This invention relates to cryogenic freezing and more specifically to cryogenic freezing using a liquid cryogen, such as liquid nitrogen.
Cryogenic freezing of food products has become more and more frequently used and has become particularly useful for freezing food products having surface characteristics which should appear aesthetically attractive following freezing. Because cryogenic freezing must compete with other types of freezing in the economic marketplace, it is important that cryogenic freezing be carried out in a particularly efficient manner. One way of improving efficiency is to incorporate the ability to supply the cryogenic refrigeration to the food product in a manner which matches the rate at which the food product can accept such refrigeration and give off its internal heat. For many such products, the rate at which the product can accept cooling is the greatest initially, and accordingly the freezing of such products can be most efficiently carried out using apparatus which initially extracts heat therefrom at a very fast rate. Side benefits of achieving such efficiency include the preservation of texture and prevention of dehydration.
There are also needs for apparatus which can freeze discrete particulate material as opposed to the freezing of hamburgers or the like which are fashioned into patties and generally maintained in an ordered array upon a conveyor belt or the like. As in the case of handling all food products, cleanliness if important, and the ability of apparaus to be cleansed in an efficient manner at the end of a particular operation also constitutes an important feature. Although many versions of apparatus have been developed for freezing food products of this general type, such apparatus have met with less than total success, and it is desirable to provide cryogenic freezing apparatus having improved features and which can freeze food products more efficiently than apparatus currently in use.
The invention provides a tunnel-like cryogenic freezer designed for use with a liquid cryogen, particularly liquid nitrogen. As standard with tunnels of this type, an elongated, thermally insulated enclosure is provided having an entrance and an exit and means for conveying the food products to be frozen longitudinally from one end to the other. Food products are contacted with a liquid cryogen at a region generally adjacent to the entrance end so that the products are relatively promptly exposed to liquid cryogen, which has capacity for removing heat therefrom at the greatest rate, when the food is best able to give up such heat. The tunnel also includes means for directing the flow of vapor therein so that the refrigeration value of this cold cryogen vapor is efficiently utilized in extracting heat from the products being frozen. One particular freature of apparatus of the invention is the incorporation of a system for very efficiently directing the cryogenic vapor in a manner to prevent the ingress of undesirable humidity-bearing air while at the same time assuring that good use is made of the refrigeration value of the cryogenic vapor. Pursuant to this feature, the temperature of exhaust gas leaving the entrance region of the freezer is monitored, and the results of this monitoring are used to appropriately adjust the flow of cryogenic vapor throughout the tunnel.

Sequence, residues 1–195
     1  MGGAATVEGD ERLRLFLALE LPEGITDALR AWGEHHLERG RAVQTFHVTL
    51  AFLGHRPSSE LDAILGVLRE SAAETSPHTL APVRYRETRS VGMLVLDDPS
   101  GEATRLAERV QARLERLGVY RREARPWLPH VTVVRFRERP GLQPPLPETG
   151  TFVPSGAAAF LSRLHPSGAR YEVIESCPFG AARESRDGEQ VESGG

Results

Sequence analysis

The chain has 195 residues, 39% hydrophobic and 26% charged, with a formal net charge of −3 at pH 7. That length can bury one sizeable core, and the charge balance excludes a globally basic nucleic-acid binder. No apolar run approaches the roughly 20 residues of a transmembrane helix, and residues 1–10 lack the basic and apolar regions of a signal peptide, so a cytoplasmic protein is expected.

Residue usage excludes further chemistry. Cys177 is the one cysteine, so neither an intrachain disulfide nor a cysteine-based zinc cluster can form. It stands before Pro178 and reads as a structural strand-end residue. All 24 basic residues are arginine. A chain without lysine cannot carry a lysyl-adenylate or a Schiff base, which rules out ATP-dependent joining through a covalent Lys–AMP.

Another particular feature of the apparatus is the incorporation of a basin for holding liquid cryogen which is constructed in a manner to direct the movement of food products being delivered to the basin toward an inclined conveyer which lifts the food products from the liquid cryogen within the basin and in turn delivers them to the loading end of a mina conveyor which extends longitudinally toward the exit end of the tunnel. The construction and the mounting of this basin facilitates its cleaning.
FIG. 1 is a side view of cryogenic freezing apparatus incorporating various features of the invention, with the side panels omitted so as to illustrate the working region of the tunnel-like freezing apparatus;
FIG. 2 is a fragmentary view of a portion of the freezer of FIG. 1 specifically illustrating its main blower and an associated baffle system which is used to control the flow of cryogenic vapor within the tunnel, the baffle system being illustrated in the orientation depicted in FIG. 1 so that substantially maximum flow of cryogenic vapor is being directed downstream;
FIG. 3 is a view generally similar to FIG. 2 however showing the baffle system adjusted to an intermediate position wherein the flow of cryogenic vapor is more evenly distributed both upstream and downstream therefrom;